The Frequent Fire Alarm Situation: A Q&A with Administration

Ever since the installation of a new fire alarm system at MHS, we have had many false fire alarms. What is going on?


Caitlyn Carpenter

A firetruck is called to the Post building during a false alarm fire procedure.

Rebecca Herzberg, Editor-in-Chief

In the past two months, the beep of the fire alarm has become a familiar sound to Mamaroneck High School students and staff. While fire drills are a regular occurrence in schools, this year has undoubtedly been marked by a few additional alarms. The Globe staff spoke separately with Stephen Brugge (Mamaroneck UFSD- Director of Facilities), Assistant Principal Washington, and Principal Clain to learn about what has been going on with this integral system. The following is a collected series of responses:

Why was the new fire alarm system installed?

Brugge: “The old fire alarm system was installed in the 1990’s and was due to be replaced [and] upgraded. [So, the] new fire alarm was installed June 2020 though October 2021. It was a large project that took [a long time] to complete.”


How does the new alarm system compare to the old one?
Brugge: “The new system covers the building much better than the previous system, which is better and safer for all building occupants.”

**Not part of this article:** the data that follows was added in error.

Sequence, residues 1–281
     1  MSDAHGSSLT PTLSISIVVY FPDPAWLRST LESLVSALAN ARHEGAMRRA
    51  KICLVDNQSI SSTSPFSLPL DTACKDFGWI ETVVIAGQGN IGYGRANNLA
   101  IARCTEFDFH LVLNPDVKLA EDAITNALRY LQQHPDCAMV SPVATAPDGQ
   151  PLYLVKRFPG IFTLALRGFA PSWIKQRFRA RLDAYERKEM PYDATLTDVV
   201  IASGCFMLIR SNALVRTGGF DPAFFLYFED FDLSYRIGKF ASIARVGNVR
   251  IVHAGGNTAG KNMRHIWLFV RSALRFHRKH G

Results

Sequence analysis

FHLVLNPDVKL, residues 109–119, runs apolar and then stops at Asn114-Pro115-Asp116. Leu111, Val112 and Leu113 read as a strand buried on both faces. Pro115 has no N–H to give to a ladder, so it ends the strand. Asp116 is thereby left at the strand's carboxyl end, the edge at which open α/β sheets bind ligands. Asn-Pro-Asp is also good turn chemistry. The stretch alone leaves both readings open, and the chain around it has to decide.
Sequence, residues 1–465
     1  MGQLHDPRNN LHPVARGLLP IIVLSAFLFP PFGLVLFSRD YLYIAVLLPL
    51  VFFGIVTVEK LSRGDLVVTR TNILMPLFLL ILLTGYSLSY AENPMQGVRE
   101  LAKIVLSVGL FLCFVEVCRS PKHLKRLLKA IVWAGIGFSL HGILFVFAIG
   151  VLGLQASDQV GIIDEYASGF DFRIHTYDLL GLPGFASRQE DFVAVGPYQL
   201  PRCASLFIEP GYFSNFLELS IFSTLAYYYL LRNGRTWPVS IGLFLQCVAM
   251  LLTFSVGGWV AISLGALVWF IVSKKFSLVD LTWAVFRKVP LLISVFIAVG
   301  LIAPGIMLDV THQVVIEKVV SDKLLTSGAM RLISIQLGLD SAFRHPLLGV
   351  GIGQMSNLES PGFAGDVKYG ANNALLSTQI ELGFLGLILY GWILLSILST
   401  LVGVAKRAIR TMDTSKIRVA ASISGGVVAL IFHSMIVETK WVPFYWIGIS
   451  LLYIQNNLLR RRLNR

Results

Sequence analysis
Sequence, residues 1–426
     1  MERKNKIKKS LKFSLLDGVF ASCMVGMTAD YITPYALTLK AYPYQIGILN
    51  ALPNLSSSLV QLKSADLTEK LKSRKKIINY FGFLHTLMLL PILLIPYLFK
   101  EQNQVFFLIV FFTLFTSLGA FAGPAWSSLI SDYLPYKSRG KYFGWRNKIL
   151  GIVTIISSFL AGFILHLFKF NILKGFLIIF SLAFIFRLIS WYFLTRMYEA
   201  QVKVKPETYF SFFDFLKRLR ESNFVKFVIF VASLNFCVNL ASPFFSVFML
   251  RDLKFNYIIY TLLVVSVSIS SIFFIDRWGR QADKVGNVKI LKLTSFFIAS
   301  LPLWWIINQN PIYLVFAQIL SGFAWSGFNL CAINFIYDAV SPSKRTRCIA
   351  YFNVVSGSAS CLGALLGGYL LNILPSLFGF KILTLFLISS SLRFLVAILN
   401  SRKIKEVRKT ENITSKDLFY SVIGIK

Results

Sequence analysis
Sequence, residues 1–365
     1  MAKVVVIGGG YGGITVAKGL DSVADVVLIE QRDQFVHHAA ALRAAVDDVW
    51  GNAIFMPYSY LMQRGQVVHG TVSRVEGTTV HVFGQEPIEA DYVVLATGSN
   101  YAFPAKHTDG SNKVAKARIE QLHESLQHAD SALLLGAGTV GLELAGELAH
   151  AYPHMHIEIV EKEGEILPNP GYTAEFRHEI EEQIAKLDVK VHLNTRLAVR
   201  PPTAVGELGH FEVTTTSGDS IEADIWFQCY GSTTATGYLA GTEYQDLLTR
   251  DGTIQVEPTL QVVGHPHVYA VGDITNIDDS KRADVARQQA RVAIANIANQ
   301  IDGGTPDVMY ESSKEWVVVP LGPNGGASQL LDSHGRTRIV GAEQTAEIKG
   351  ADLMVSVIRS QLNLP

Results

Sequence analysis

Washington: “[It is also] much more sensitive.”


What has caused the unexpected, false fire alarms?
Brugge: “The fire alarm has been activated several times with what I suspect was from vaping in bathrooms.”
Washington: “Another [fire alarm] earlier in the school year was set off by [cooking in] Chef Luff’s culinary room. [An additional cause was] water vapor from a shower in the locker rooms.”
Clain: “None of us ever want the fire alarm to go off unexpectedly, but it’s a new system. In a perfect world we would have no kinks, but that’s not really reasonable in school the size we have. The calibrating of how sensitive these alarms are is something they’re working on. ”


How can false alarms be mitigated?
Brugge: “School administration has been responsive and diligent in sending out the message to all students that smoking and vaping is illegal and not permitted on school property.”
Washington: “[Concerning the culinary related alarm,] we are looking into having a heat sensor rather than a vapor sensor [in Chef Luff’s room].”


How should students continue to respond to the fire alarms?
Clain: “When the alarm goes off, I don’t know why it’s gone off [immediately]. You need to assume every time that it goes off that it’s a fire.”
Washington: “Just follow the procedures, leave the building as soon as possible after the fire chief gives us the ok. It’s one of the procedures we need to follow in case a real emergency happens.”

Although fire alarms can feel frustrating and disruptive, it is essential that students continue to take each one seriously. The administration is working with the student body to decrease any false alarms––students must also do their part by following school guidelines and procedures. The Globe will continue to release updates if new information is available.